Rather than simply sticking a western appearance on top of modern dressage, cowboy dressage offers to place the humanity, history and culture of western horsemanship within the context of a classical system of riding. Cowboy dressage is different from any other form of dressage in that a primary focus is at all times the welfare and comfort of the horse – which is a special and unique nucleus for a horse riding sport.

It is permitted to use vocal cues during a test. It is permitted to pet your horse during a test. It is permitted to have other horses in the arena (but outside the court) to help calm young or troubled horses prone to stress during a test. It is permitted to have a caller at every level of competition. Many will argue that this demeans the nature and gravity of dressage, but I would suggest that this in fact brings the entirety of focus onto the most important fact – how the rider and the horse complete their test in harmony with each other – everything else is considered peripheral, (but in a positive and decent way), any support or practical assistance that can be landed to horse and rider is not only permitted, it is encouraged.

Competitions are referred to as gatherings (in the spirit of the western ranches where gatherings for branding etc. are also often a celebratory get together). Any conventional bit or item of tack is permitted on a horse of any age – the focus is on the rider’s use of equipment rather than the equipment itself. Horses are expected to show natural carriage and way of going, with understandable and practical exceptions made for individual breeds and gaited horses.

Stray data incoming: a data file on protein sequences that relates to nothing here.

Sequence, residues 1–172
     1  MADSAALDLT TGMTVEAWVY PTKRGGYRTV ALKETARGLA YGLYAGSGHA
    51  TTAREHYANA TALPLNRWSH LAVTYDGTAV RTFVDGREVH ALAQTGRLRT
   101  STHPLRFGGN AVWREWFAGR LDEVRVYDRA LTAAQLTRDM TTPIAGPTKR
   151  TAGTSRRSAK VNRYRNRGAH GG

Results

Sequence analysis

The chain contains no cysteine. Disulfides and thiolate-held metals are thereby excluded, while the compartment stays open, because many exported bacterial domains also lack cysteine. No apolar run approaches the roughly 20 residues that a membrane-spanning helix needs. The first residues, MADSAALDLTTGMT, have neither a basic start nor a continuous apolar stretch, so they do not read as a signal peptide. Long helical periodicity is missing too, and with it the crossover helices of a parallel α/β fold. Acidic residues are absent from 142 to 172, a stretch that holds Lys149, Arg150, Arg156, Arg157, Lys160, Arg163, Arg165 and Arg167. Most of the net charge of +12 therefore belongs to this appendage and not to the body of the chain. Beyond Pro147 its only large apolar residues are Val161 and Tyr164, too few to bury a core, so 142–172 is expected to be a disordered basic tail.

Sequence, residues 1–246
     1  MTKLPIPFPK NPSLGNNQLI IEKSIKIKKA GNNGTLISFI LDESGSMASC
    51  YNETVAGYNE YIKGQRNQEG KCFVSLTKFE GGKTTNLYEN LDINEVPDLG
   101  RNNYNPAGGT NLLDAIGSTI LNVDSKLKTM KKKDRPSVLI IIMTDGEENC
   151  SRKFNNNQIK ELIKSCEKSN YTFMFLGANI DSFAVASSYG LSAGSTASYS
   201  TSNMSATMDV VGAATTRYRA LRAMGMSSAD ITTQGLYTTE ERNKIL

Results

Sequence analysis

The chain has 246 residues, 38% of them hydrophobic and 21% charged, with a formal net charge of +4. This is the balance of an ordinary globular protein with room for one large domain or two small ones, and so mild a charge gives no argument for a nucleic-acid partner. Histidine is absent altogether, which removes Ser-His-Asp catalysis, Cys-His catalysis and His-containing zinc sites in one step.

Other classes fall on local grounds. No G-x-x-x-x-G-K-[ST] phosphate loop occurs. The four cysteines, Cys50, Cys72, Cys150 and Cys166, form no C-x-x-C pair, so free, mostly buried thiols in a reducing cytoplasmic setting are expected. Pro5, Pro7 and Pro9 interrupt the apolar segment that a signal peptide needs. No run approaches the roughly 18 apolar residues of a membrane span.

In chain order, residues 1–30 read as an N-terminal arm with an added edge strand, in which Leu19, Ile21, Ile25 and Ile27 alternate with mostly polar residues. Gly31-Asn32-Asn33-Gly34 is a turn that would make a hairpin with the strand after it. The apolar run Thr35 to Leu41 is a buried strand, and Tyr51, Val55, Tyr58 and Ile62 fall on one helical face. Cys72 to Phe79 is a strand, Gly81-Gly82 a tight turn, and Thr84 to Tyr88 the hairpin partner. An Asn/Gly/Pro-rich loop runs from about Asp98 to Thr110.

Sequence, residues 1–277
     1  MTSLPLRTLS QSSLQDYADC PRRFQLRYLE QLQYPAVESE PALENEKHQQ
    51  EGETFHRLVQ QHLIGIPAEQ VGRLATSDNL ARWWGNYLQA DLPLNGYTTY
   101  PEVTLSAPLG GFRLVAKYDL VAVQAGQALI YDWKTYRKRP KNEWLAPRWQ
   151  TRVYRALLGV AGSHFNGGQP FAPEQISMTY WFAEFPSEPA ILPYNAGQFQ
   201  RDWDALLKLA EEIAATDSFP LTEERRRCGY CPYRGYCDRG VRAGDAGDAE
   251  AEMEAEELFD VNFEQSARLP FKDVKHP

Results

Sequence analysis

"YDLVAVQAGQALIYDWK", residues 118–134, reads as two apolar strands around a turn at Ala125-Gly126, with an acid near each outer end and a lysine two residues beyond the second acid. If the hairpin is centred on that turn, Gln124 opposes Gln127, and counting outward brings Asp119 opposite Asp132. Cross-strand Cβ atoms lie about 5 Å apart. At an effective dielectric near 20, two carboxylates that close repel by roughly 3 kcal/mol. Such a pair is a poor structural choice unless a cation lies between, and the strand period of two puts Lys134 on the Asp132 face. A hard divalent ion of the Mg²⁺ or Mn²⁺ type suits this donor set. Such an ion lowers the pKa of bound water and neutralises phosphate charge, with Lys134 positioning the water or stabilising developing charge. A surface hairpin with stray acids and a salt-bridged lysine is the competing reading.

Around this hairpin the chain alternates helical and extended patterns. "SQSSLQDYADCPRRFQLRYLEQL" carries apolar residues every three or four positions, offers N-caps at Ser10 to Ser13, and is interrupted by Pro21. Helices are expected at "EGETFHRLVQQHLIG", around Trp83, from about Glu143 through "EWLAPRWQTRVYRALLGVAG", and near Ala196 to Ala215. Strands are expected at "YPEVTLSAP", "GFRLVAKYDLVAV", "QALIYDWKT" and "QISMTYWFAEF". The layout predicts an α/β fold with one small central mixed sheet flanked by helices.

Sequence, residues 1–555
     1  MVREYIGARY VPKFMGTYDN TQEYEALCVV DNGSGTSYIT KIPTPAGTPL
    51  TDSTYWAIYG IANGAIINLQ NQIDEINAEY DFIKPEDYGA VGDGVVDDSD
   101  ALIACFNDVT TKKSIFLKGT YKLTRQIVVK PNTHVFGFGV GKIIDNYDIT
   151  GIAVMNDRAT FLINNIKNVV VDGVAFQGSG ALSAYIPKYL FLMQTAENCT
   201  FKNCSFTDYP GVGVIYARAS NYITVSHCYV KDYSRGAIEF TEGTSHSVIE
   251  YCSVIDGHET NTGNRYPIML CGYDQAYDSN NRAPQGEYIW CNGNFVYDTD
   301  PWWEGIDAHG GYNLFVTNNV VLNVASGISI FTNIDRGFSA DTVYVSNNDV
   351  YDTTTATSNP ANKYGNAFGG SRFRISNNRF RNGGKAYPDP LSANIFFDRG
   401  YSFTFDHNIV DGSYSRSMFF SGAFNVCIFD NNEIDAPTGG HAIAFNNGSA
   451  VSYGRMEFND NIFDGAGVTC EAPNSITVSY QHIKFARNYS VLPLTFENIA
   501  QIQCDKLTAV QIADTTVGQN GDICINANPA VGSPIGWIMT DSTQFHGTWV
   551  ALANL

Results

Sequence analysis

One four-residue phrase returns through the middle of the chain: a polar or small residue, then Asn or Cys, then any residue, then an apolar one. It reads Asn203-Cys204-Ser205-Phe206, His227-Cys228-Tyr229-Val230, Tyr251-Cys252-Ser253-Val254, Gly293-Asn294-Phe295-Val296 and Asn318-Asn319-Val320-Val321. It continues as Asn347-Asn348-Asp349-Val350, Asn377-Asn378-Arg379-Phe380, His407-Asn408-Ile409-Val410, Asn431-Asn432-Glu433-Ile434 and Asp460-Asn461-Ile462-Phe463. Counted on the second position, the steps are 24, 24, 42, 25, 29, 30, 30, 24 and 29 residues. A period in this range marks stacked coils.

The greatest aspect of this new equestrian sport for me is the fact that the term “soft feel” is of the highest judging criteria.

Last weekend my partner took her mare to our regular dressage facility for a day out (and to practice a couple of prelim tests). In the warm up arena I witnessed every other horse with its mouth strapped shut not only with a tight nose band – but an overly tight flash as well. One poor horse was being ridden aggressively whilst wearing a very severe tie down. No one in the warm up arena seemed interested in any transitions. I did not witness one half halt. What I saw was a group of poor horses audibly struggling to breath, worked hard whilst strapped down looking at the arena floor – either by gimmick equipment or the riders own unyielding hands. Every horse was relentlessly being forced forward, forward, forward. This was all normal and acceptable… My partner though was reprimanded for having a chin strap/snaffle hobble on her eggbut snaffle. This is why the world needs cowboy dressage.

I’ll admit the title is an unfortunate one as the “cowboy” connotation will be an obstacle to overcome western movie preconceptions outside of the United States. The ethos, focus and soul of the organization though is something that all disciplines of horse riding could learn from.

I stand alone as an oddity in the horse industry of Scotland. I’m a man invested in a form of horsemanship thousands of miles removed from his own home and own heritage. Even within the western community I am often viewed with scorn or derision because I admire and teach a form of classical horsemanship that is different from the common western pleasure, trail and showing centric techniques. So I have a personal and vested interest in hoping cowboy dressage grows roots here. More so than this, but for the benefit of all I hope cowboy dressage can flourish at home and abroad. Many people would benefit enormously from learning about “soft feel”. For the many people who love their horses, love to learn, or love dressage – yet feel intimidated or burned out from an often stern or unkind competition scene – cowboy dressage can offer you a welcoming supportive new form of competition.